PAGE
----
The partial government shutdown that started at midnight affects nine federal departments and several agencies. They include the U.S. Department of Justice, which includes the Drug Enforcement Administration, Federal Bureau of Investigation, and U.S. attorney’s offices.
During the partial shutdown, some employees who are considered excepted for reasons that include national security and public safety might continue working, but without being paid until the shutdown is over, while others will be furloughed.
Oak Ridge Today has previously reported that FBI agents will continue working, but they will work without pay, at least for now.
The U.S. Department of Energy, which has major operations in Oak Ridge, is not affected by the shutdown, while the National Park Service, which also has operations here, is. The Park Service is part of the U.S. Department of Interior, which is one of the departments that has had a lapse in funding due to a lack of agreement between Congress and President Donald Trump over whether to include $5 billion for a wall along the Mexican border in spending legislation.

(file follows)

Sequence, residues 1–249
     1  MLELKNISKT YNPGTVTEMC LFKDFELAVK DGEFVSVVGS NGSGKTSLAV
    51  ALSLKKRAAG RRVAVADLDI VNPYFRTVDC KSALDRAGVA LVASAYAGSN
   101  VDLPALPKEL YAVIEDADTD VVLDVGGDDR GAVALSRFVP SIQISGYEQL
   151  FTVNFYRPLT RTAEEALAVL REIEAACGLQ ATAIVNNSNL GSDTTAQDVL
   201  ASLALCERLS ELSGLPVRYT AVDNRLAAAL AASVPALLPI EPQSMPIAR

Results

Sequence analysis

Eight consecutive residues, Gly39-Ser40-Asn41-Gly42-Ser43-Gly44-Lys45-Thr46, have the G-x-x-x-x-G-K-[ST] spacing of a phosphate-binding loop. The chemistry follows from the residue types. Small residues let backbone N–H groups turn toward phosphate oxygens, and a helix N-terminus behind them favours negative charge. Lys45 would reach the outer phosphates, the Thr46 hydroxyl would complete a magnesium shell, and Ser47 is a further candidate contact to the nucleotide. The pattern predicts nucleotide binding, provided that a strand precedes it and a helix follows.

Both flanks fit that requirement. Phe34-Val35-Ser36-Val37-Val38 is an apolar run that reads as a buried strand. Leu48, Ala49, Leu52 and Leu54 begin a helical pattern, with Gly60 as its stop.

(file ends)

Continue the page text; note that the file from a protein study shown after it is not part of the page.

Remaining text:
On Friday, Sharry Dedman-Beard, law enforcement coordinator and public information officer for the U.S. Attorney’s Office for the Eastern District of Tennessee in Knoxville, said the Department of Justice has contingency procedures in place in case there is a lapse in appropriations and a government shutdown. The procedures are meant to ensure that the department’s essential public safety and national security missions continue.
“Component heads determine excepted functions, but typically those employees with public safety and national security functions will remain on the job, and others who are non-excepted will be furloughed,” Dedman-Beard said. “In the civil arena, typically attorneys with filing obligations that cannot be rescheduled will be allowed to meet court deadlines for filings, appearances, etc.”
She said it is up to each U.S. Attorney’s office to determine excepted personnel.
“In effect, most AUSAs and staff supporting criminal prosecution efforts, which are necessary to protect public safety, are excepted personnel,” Dedman-Beard said.
All employees who are considered excepted staff remain on the job, although they cannot be paid until the appropriations lapse is over.
More information will be added as it becomes available.
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